Hillary Clinton was at Alltel Arena tonight, looking and sounding very presidential before an adoring crowd that covered the floor and about one-third of the nosebleed seats up in the stands. The occassion was the Jefferson-Jackson Dinner, thrown by the Democratic Party of Arkansas. Rising to the central stage to welcome Hillary back to the state were Governor Mike Beebe, U.S. Senators Mark Pryor and Blanche Lincoln, and U.S. Reps Marion Berry, Vic Snyder and Mike Ross.
The former first lady and U.S. Senator from New York managed to bring the crowd to its feet several times during her speech, touching on issues such as global warming and the possibility of "green collar" jobs that could result, fixing "No Child Left Behind," extricating U.S. combat troops from the growing civil war in Iraq, and the burden of student loans.
Perhaps making a preemptive strike in advance of the debut of filmmaker Michael Moore's new documentary "Sicko" -- which takes the health insurance industry and politicans to task for the fact that the U.S. is still the only western industrialized nation without free access to health care (Moore also criticises Clinton for accepting hundreds of thousands of dollars in campaign contributions from tinsurance lobbists) -- Candidate Clinton pledged to revisit her quest for affordable health care for all Americans if elected, calling it a goal the country should set together and comparable to JFK's challenge to put a man on the moon and LBJ's commitment to Civiil Rights for all.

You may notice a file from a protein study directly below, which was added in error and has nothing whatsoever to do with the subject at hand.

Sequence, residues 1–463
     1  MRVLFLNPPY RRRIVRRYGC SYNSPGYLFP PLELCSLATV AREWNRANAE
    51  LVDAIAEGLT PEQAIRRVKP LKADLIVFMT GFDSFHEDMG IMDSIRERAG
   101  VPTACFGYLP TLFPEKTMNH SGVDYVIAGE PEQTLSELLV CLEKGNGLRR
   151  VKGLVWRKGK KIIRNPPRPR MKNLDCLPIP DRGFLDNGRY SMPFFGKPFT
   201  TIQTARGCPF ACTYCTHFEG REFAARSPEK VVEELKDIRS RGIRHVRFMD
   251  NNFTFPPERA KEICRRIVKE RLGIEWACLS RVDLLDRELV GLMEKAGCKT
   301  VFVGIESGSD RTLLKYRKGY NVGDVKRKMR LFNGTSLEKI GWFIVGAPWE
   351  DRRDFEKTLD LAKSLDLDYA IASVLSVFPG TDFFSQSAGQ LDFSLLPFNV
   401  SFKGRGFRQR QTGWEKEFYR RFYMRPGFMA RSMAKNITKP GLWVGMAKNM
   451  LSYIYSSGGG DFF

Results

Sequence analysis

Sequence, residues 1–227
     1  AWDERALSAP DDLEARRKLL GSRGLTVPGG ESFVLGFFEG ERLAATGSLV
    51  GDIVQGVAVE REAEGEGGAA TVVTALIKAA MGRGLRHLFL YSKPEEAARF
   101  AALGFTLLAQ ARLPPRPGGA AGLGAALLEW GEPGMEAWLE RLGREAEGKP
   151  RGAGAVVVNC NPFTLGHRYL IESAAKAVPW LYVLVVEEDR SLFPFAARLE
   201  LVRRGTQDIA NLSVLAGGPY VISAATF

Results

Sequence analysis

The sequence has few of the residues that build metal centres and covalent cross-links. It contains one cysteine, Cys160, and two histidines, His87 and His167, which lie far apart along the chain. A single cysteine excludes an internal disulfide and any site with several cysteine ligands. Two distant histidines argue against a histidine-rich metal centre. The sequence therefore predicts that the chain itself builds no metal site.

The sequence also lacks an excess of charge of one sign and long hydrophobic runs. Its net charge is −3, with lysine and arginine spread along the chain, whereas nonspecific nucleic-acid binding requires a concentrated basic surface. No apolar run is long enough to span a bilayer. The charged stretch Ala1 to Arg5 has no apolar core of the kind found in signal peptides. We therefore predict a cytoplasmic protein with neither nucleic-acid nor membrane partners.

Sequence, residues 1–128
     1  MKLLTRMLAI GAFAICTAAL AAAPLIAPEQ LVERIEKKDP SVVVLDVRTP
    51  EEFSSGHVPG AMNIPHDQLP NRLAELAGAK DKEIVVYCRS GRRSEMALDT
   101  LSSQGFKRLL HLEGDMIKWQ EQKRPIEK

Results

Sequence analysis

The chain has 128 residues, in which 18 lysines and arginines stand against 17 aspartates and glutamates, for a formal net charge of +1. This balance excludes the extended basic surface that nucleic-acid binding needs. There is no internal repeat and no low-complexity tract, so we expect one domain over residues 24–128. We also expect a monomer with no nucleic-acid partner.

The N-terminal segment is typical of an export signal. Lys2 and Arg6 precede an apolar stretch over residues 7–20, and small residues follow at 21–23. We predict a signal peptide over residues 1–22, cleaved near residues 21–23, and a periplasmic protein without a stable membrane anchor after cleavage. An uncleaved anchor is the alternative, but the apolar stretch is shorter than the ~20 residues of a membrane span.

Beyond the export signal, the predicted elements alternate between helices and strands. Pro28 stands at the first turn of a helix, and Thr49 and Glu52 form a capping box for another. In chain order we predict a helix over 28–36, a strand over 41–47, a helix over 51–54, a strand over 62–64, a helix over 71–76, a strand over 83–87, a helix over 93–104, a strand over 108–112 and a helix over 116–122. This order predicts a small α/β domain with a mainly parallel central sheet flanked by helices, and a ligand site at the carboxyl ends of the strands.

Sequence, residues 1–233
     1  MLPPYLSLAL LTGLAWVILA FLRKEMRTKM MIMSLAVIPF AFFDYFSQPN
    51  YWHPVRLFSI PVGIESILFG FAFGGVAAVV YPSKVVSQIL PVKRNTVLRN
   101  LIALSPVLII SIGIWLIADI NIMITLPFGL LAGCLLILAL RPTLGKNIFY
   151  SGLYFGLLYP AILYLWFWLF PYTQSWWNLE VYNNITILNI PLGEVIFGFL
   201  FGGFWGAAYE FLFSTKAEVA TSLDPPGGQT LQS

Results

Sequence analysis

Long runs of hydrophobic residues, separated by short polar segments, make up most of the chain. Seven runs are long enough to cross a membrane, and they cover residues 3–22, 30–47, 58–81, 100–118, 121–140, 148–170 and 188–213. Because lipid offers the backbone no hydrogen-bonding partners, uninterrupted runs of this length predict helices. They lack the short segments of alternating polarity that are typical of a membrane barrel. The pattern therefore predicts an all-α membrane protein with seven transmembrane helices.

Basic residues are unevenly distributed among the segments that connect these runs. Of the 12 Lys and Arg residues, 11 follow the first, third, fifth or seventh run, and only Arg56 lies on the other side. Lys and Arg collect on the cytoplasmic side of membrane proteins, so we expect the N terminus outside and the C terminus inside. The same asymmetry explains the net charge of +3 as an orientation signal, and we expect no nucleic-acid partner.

In closing, Clinton said that that the presidency of George W. Bush has "squandered the goodwill of 9/11," and made enemies of countries that once aspired to be more like the United States. "I want to be the president who restores that feeling about our country around the world again," she said. "More importantly, I want us to feel that way about ourselves again."